Ronald Reagan is to blame. On February 28, 1967 the Governor of California announced that he was going to remove certain "intellectual luxuries" from college campuses in the University of California system. In doing so, he sent a clear message that the purpose of college was less about intellectual curiosity and more about finding a job.
At least this is the argument of Dan Berrett in a recent piece at The Chronicle of Higher Education. It is a compelling one.
Here is a taste:
As his second term and the 1970s began, demographics, economic uncertainty, and world events reinforced Reagan’s ideology. Two philosophical shifts, toward social egalitarianism and free-market orthodoxy, took hold.
Higher education felt those shifts. Professorial authority diminished. The unraveling consensus on the curriculum accelerated. Colleges increasingly viewed students as customers. Economic inequality and insecurity rose, as did the wage premium of a college degree. And that became one of higher education’s main selling points.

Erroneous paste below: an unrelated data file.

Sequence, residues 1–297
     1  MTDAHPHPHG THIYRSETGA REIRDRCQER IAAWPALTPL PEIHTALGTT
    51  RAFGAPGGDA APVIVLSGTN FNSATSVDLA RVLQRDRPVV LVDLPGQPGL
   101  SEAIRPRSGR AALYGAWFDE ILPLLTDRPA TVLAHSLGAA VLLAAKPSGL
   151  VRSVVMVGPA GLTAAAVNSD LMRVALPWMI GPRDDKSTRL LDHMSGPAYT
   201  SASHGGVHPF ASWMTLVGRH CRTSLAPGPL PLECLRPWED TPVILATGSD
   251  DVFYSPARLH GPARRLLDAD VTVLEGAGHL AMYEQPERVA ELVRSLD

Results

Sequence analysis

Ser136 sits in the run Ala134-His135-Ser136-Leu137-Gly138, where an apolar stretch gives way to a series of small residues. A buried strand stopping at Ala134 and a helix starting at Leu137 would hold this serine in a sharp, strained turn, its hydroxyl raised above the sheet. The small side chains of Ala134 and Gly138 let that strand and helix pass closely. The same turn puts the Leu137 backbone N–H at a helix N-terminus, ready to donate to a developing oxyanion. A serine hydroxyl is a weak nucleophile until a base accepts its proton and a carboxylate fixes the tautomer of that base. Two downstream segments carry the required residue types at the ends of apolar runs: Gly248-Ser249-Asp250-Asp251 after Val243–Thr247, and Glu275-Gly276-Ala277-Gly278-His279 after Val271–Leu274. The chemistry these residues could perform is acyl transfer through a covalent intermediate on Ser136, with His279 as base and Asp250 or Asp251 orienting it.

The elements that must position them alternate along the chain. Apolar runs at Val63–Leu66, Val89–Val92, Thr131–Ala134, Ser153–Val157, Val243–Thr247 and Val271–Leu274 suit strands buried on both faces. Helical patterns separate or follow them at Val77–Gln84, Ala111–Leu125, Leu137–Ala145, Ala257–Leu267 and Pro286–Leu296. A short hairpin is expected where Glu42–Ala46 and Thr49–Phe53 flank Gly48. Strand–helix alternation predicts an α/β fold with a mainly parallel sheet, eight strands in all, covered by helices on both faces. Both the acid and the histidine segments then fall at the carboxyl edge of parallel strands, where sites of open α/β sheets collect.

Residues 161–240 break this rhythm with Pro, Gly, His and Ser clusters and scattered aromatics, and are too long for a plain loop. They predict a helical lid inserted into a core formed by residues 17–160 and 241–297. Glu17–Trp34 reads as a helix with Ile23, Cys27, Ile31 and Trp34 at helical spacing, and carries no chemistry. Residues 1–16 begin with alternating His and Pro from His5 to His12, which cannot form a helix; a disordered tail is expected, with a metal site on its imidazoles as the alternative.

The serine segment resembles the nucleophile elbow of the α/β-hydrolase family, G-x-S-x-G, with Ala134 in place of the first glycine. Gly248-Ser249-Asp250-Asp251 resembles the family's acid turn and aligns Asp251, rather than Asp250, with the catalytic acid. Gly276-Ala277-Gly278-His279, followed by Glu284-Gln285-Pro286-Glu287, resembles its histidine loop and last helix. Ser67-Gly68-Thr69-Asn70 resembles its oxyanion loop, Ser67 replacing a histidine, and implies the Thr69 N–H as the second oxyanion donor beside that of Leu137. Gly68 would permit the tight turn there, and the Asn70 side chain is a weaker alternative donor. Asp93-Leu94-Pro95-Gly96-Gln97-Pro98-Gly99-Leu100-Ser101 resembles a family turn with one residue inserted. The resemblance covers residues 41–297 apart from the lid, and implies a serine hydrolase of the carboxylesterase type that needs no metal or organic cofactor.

The long postwar boom, for both the economy and for higher education, was ending, and the oil embargo, in 1973, further strained the economy. Enrollment data showed students fleeing from the liberal arts, disciplines commonly associated with a liberal education, and flocking to professional and pre-professional programs.
Higher education became more of a buyer’s market. Overall enrollments dropped. As that trend continued, colleges sought out new customers, especially adults and first-generation students, many of whom wanted their investments to pay off in jobs.
Read the rest here.